Phillies Checklist for Success for the 2017 Season

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Apr 15, 2016; Philadelphia, PA, USA; Philadelphia Phillies general manager Matt Klentak (R) talks with manager Pete Mackanin (L) before a game against the Washington Nationals at Citizens Bank Park. Mandatory Credit: Bill Streicher-USA TODAY Sports /

Sell, Sell, Sell at the Deadline

This is where the burden shifts from the players to the front office this season. General manager Matt Klentak made several acquisitions this offseason which had multi-faceted goals. On one hand, he wanted to improve the team in the short-term. At the same time, he wanted to potentially better the team in the future as well.

Klentak traded for veteran pitchers Clay Buchholz and Pat Neshek along with left fielder/infielder Howie Kendrick. In addition, he signed reliever Joaquin Benoit, outfielder Michael Saunders, and offered a qualifying offer to Jeremy Hellickson, which he accepted.

Now Klentak has several potential trade chips on the roster, and he acknowledged that during the offseason: [quote via Jim Salisbury of CSN Philly]

"“But it certainly isn’t lost on us that if the standings are looking the other way at the end of July, we have a lot of meaningful players in the last years of their contracts — not just pitchers, but a number of players that could be trade chips.”"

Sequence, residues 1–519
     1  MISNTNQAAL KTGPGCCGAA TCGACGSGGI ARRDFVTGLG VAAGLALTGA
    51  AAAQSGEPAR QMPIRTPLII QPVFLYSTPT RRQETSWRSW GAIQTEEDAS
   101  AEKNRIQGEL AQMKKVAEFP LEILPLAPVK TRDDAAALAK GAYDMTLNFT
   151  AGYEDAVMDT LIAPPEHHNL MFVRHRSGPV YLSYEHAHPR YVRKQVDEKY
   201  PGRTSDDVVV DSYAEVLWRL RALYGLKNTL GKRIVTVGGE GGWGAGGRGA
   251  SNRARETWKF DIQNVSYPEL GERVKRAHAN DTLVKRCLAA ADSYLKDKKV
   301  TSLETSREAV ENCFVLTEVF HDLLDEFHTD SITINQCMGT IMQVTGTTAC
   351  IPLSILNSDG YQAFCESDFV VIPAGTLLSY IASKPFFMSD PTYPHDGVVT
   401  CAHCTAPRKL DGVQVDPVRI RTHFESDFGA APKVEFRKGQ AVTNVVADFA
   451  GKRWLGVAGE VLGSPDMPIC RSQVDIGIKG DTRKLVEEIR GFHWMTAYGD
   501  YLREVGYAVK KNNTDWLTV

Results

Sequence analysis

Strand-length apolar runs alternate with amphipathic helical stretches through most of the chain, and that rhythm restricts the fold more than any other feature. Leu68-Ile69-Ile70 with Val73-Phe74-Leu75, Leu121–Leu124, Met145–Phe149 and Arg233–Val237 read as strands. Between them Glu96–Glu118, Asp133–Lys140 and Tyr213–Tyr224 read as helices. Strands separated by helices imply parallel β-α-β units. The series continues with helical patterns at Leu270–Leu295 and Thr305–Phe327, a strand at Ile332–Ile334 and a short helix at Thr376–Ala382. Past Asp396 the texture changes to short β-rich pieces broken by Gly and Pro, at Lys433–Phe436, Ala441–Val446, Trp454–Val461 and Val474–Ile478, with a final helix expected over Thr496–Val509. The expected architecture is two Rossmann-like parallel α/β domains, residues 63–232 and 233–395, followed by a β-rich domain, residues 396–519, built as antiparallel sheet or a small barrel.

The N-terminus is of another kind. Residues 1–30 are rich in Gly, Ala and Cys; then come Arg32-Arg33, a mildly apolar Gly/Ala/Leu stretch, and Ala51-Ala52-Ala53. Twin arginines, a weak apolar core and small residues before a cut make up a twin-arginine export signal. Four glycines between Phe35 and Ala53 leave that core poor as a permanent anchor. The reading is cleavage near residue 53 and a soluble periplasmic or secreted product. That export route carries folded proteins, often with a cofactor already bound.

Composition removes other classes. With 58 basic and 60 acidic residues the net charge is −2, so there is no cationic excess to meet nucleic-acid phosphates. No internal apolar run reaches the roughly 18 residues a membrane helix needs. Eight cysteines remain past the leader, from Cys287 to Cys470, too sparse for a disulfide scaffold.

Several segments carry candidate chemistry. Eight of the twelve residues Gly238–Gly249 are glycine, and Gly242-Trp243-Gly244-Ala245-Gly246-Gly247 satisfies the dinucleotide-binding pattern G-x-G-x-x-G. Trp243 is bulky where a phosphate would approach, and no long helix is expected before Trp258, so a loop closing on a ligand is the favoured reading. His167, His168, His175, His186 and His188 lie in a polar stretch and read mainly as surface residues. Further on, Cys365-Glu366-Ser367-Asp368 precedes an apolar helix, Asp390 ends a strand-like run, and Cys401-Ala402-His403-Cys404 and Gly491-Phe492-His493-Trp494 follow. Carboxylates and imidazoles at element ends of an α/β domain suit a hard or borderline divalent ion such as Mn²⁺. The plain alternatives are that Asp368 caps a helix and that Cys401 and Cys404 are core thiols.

Last year Klentak had the same goal in mind, but the only player he was able to trade was Carlos Ruiz, and that came after the non-waiver deadline. He nearly traded Hellickson, but the deal never came to be.

What made the inability to trade Hellickson sting less was the fact that the Phils could offer him a qualifying offer and receive a first-round pick if here were to sign somewhere else. That isn’t the case this year thanks to the new collective-bargaining agreement which prevents players from receiving a qualifying offer two years in a row. If the team doesn’t trade Hellickson at the deadline this year, he will walk next offseason and the team will get nothing in return.

Philly’s other impending free agents likely aren’t worth a qualifying offer unless they have a ridiculously strong season, so they won’t get any draft-pick compensation from them either. That means if the Phillies want any return for these players, they will have to deal them at the deadline.

Next: Phillies 2017 Season Preview: Freddy Galvis

Obviously the players have to be performing well enough to warrant being traded, but if they are, a trade would free up a spot on the 25-man roster for one of the plethora of prospects expected to be at Triple-A Lehigh Valley to make the trip east to Philadelphia.